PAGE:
Uranium isn’t just better than fossil fuels, it also beats out renewable energy sources in a few other key areas, such as CO2 lifecycle emissions, low land footprint and the best uptime of all energy sources.
10 uranium pellets can power the average household for an entire year.
The US imports roughly 85% of the uranium used to fuel its nuclear power plants.
Other than power and nuclear weapons, uranium is used as a protective shield against radiation in the medical and industrial spaces, and is also used for armor-piercing bullets, protective armor for things like tanks, nuclear submarines, ballast for ship keels and counterweights for aircraft.
Lead is one of the metals known to ancient man. It is sometimes called the first metal.
Lead is easy to extract, easily worked, a superconductor, and is diamagnetic and corrosion resistant. It can be found in all parts of our environment – the air, the soil, the water and even inside our homes.
Over half the lead produced today is used in car batteries.
Wood pencils have never actually contained lead, even though lead is soft enough it could be used for writing.
There are countless uses for lead. Lead solder is common for welding. It is used for car batteries, pigments, ammunition, cable sheathing, weights for lifting, weight belts for diving, stained glass, leaded crystal, fishing sinkers, radiation protection, roofing, ballasts, and statues. It is often used to store corrosive liquids.
On Venus, it snows lead. Venus’s high temperatures vaporize minerals on the plant’s surface, creating a kind of metallic mist that, when it reaches relatively cooler altitudes, condenses into metallic frost that falls on the planet’s tallest peaks.
Children need zinc for growth. Adults need zinc for reproduction and good health.
Zinc has a self-healing mechanism in it. The zinc coating sacrifices itself slowly by galvanic action to protect the base steel. This action continues for as long as any zinc remains in the immediate area.
Zinc is essential for the growth and development of almost all life.
Zinc is found everywhere in daily life: in every cell of the human body, in the earth, in the food we eat and in products we use (sunblock, automobiles, cosmetics, airplanes, appliances, surgical tools, zinc lozenges).
Zinc enhances eyesight, preventing the onset of macular degeneration.
Zinc occurs naturally in the earth, air and foods you eat; it is the second most common trace metal, after iron, naturally found in the body.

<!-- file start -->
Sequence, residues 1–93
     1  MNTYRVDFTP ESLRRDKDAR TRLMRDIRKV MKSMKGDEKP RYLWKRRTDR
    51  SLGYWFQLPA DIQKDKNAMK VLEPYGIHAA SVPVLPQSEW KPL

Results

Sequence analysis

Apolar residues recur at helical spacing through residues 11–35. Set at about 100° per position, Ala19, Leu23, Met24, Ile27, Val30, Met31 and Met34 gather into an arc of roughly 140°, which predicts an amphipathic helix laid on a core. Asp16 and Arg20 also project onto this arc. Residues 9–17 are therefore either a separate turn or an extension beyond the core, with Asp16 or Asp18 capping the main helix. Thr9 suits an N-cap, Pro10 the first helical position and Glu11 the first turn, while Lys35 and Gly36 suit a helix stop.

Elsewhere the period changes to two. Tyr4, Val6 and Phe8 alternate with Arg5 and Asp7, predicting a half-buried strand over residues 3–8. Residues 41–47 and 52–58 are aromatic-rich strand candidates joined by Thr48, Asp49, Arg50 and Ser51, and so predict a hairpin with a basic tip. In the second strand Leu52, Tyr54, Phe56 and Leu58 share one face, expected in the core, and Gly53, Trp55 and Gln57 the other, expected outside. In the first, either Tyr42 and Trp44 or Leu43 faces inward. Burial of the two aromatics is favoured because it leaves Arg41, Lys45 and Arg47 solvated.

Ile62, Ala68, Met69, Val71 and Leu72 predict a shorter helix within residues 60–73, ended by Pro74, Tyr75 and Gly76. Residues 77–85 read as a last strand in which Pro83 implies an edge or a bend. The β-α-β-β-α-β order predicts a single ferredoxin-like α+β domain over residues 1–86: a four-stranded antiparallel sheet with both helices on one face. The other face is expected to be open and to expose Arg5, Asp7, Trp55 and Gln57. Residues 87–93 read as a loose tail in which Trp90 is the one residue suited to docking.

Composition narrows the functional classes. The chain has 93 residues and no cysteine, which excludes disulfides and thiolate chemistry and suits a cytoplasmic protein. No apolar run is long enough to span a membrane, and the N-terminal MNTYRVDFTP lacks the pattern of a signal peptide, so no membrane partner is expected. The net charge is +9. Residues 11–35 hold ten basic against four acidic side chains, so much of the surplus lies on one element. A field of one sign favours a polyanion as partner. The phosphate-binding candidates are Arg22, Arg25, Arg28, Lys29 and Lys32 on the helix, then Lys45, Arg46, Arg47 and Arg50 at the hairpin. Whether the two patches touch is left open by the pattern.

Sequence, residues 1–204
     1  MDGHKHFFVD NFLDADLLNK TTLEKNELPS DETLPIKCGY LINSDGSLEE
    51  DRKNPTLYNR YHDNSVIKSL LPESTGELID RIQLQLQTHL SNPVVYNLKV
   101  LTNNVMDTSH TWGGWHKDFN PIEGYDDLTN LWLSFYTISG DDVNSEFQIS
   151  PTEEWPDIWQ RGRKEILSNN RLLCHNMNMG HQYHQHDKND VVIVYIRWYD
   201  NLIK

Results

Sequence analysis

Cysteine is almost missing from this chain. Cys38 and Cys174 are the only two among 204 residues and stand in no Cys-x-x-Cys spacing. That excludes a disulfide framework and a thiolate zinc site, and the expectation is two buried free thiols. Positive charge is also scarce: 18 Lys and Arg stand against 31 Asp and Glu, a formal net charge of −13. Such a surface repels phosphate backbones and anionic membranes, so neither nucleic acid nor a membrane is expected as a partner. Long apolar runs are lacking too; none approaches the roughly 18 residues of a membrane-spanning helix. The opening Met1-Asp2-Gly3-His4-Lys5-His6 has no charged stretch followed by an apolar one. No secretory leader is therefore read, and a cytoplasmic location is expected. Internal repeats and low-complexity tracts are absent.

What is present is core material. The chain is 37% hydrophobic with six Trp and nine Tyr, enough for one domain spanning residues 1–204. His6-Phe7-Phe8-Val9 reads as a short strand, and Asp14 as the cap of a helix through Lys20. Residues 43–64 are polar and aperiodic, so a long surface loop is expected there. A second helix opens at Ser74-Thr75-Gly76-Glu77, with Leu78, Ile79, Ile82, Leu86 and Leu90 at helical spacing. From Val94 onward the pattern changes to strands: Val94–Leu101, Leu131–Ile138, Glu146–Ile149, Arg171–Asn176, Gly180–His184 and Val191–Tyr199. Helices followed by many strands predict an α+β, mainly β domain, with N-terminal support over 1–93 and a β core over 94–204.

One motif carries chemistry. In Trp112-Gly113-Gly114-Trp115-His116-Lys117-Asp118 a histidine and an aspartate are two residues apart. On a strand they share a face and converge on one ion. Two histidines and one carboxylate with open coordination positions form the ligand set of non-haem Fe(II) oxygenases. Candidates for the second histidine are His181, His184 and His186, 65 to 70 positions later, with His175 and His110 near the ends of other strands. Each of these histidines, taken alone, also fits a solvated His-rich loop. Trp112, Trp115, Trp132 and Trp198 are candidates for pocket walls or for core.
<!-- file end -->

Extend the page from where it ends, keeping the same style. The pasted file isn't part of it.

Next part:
Zinc is essential to your health, boosting the immune system, helping cells to grow, regulating appetite and healing wounds; zinc lozenges can even cut short the common cold.
Zinc is a natural insect repellent and sunscreen, protecting lips and skin.
Zinc is the third most used nonferrous metal (after aluminum and copper), of which the US consumes more than one million metric tons annually; the average person will use 730 pounds of zinc in his or her lifetime, according to the US Bureau of Mines.
Zinc is 100% recyclable. Over 80% of the zinc available for recycling is currently recycled.
More than one-third of the zinc consumed in North America is produced from recycled materials.
Zinc is primarily used as a coating on iron and steel to protect against corrosion. Corrosion costs the US 3.2% of the GDP annually, or about $423 billion.
Zinc makes the average automobile last longer – 17 pounds of zinc protect it from rust, 20 pounds are used to make zinc die-cast parts like door handles and locks, and each tire contains about ½ pound of zinc, needed to cure rubber.
Due to the long lifespan of most zinc-coated products like galvanized steel, which in some cases may last maintenance-free over 100 years, much of the zinc produced in the past is still in use, constituting a valuable and sustainable resource of zinc for generations.
Zinc can store six times more energy per pound than other battery systems, increasing the range of electric vehicles; zinc-air batteries have powered cars to speeds of 120 mph.
Zinc combined with copper makes brass.
The US penny is 98% zinc, with a copper coating.
Almost all the world’s mined vanadium ore comes from either China, Russia or South Africa.
Vanadium is a rare-earth metal and is a safer alternative to lithium. A vanadium flow battery is water-based, and thus non-flammable and non-explosive. Indeed, vanadium flow batteries offer the highest level of safety compared to any other battery technology on the market today.
Vanadium redox flow batteries are far greener than other batteries, as they lack potentially toxic metals like lead, cadmium, zinc and nickel – which have been known to contaminate the environment at all phases of the battery life cycle. They help reduce emissions by making green energy and can be recycled.
Vanadium is used to create alloys that are both strong and durable – such as catalysts, jet engines, aircraft carriers and for high-speed aircrafts. It is used to create tools, gears, axles, piston rods, crankshafts, knives and girders in construction.
Vanadium improves glucose metabolism and insulin sensitivity. It also lowers total and LDL (“bad”) cholesterol.